You might also want to prompt your speakers to send through their presentations before the conference starts so you can get them uploaded beforehand. Typically most presentations are still in PowerPoint although cloud-based presentation software such as Prezi [4] is not uncommon.

At this point you should be able to finalise the programme for the conference. If there are any major changes from the draft programme, then the attendees should be alerted to this. As you’re already contacting all the attendees it would also be a good idea to inform them of the hashtag for the event. This will hopefully start to generate some enthusiasm and interest for the conference even before it starts.

A few days before

Before the conference starts you’ll need to print off copies of the final version of the programme and an attendees list to hand out. You might also want to produce badges for attendees to wear during the conference. If you have group discussions on the programme, then you might want to consider pre-sorting people into groups to reduce administration on the day (the group could be indicated on the attendees list or perhaps even on their badge). If you want to be able to evaluate the success of the conference then producing a simple feedback form is advisable.

Finally you’ll need to check you have sufficient stationery supplies (e.g. pens, flip charts, blu-tack) for the event and it’s also useful if you can get hold of some power extensions and laptop/phone chargers.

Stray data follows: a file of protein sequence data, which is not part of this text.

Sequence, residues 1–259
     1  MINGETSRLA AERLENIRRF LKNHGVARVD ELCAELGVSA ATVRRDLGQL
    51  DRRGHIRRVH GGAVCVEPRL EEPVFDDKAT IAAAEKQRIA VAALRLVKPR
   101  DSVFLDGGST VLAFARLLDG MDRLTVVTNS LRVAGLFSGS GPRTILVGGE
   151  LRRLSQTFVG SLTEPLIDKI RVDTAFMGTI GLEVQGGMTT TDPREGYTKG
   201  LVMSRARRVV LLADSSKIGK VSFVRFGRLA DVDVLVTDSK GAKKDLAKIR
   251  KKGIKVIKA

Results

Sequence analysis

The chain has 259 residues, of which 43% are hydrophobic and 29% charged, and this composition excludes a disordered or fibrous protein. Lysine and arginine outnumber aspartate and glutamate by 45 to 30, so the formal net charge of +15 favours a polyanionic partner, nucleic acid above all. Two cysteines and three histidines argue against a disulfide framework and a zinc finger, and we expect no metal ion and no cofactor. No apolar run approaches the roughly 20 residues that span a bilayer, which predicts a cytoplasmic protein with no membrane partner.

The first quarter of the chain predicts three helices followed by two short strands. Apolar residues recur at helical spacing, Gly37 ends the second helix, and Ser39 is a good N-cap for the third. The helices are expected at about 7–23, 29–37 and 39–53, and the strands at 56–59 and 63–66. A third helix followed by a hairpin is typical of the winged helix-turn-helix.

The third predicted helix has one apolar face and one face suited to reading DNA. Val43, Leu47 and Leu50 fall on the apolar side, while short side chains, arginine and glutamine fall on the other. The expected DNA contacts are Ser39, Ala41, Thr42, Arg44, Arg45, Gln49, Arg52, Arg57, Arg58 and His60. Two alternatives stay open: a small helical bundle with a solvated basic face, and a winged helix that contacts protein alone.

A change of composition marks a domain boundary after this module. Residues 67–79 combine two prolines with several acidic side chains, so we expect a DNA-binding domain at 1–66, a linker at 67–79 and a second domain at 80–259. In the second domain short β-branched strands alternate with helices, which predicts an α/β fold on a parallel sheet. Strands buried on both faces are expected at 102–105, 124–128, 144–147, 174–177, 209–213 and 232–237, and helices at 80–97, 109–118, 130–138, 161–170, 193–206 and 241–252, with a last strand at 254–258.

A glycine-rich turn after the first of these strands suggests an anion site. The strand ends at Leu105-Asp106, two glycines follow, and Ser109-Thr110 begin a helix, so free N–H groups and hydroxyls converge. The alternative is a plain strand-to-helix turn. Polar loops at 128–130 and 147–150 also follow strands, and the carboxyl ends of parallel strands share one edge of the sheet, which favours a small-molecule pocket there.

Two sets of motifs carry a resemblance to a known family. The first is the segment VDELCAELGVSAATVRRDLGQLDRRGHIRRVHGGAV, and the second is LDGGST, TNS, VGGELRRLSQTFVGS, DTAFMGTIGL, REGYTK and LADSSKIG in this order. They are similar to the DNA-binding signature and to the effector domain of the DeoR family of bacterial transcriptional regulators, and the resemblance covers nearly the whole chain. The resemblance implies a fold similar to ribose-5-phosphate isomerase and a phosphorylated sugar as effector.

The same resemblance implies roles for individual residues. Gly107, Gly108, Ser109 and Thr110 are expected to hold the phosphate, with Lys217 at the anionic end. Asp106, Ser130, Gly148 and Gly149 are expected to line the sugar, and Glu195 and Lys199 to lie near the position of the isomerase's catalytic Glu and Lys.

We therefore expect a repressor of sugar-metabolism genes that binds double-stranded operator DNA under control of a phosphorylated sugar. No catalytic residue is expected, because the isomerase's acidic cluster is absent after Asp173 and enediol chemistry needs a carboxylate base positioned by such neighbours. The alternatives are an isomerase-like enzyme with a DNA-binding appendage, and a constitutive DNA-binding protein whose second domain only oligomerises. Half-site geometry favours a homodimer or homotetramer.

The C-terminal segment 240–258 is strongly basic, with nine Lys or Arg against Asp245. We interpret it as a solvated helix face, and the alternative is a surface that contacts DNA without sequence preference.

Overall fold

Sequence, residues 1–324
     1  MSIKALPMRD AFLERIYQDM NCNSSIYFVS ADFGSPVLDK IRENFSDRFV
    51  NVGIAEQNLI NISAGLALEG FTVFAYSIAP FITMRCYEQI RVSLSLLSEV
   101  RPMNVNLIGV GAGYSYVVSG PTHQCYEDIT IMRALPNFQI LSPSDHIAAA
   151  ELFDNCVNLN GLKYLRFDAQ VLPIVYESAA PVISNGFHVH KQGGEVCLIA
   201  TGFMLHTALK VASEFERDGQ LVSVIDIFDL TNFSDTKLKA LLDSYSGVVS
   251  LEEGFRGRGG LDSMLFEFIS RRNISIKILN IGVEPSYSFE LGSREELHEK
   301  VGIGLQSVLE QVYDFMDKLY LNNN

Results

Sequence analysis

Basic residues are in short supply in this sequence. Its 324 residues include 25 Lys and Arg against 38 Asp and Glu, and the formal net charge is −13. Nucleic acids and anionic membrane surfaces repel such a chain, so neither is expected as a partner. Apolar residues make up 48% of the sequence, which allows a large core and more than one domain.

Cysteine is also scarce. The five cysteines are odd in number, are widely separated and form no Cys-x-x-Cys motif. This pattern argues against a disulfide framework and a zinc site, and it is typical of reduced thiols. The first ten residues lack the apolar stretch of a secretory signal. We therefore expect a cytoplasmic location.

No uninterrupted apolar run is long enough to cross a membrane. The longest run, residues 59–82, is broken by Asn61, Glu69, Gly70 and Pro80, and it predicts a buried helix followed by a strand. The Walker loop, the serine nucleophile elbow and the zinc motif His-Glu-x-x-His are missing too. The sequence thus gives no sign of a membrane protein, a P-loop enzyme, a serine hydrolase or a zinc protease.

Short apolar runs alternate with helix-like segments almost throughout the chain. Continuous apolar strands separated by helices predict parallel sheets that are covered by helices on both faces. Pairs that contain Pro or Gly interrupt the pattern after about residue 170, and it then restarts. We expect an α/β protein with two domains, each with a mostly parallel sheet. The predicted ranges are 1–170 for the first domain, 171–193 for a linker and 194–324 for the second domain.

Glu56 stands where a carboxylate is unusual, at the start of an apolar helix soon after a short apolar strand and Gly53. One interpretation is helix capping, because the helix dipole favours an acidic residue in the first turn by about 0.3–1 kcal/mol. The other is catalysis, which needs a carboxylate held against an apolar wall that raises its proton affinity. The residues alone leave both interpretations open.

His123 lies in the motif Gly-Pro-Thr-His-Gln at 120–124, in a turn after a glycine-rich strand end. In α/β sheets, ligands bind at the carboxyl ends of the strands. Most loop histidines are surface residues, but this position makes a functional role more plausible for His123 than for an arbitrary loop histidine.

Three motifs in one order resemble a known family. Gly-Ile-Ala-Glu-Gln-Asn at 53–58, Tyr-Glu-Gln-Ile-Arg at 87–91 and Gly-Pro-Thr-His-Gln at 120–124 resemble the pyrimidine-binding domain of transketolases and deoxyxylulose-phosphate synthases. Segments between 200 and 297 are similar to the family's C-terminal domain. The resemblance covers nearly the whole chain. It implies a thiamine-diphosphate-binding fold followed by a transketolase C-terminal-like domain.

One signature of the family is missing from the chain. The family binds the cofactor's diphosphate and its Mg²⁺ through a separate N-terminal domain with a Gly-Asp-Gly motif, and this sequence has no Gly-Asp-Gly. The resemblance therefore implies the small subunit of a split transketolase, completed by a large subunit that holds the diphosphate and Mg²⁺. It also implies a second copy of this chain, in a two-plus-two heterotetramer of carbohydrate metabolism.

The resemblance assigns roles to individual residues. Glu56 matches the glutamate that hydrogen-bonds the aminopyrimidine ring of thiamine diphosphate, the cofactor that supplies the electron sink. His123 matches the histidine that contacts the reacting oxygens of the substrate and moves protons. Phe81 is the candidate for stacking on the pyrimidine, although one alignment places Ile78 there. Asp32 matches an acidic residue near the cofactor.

Hosting the conference

On the day of the conference there are two important tasks to complete before you can begin. The first is to put out some signage to confirm to attendees that they are at the right venue. The second is to set up a registration desk to welcome the attendees, record their arrival and give out any handouts (such as badges, programmes, attendees lists and perhaps even goodie bags if the event has been sponsored). It’s not uncommon for people to arrive at the reception desk who haven’t registered for the event. Sometime this is acceptable, for example if they are in place of a colleague who isn’t now able to attend, but other times it can be more problematic. You will need to decide, usually on a case-by-case basis, what to do on these occasions.

It’s important to note that one person can’t do everything and you definitely need additional support. At the very least you’ll need someone to staff the reception desk and another to run errands and chase up anything you are unable to deal with. Having someone to take photographs or live tweet the event is also very useful. You might also choose to outsource the hosting duties to another person rather than doing it yourself.

Being host for the conference means helping it run smoothly, which might mean adjusting the programme, for example swapping the order of speakers if the first one hasn’t arrived yet. It also means opening the event by ushering the attendees to their seats and welcoming them. It’s important to highlight any health and safety issues (e.g. what to do if the fire alarm sounds) and indicate where facilities such as toilets, breakout rooms and drinks are located. You might also want to point out the wifi password and remind attendees of the hashtag for the event, before outlining the programme for the day and introducing the speakers.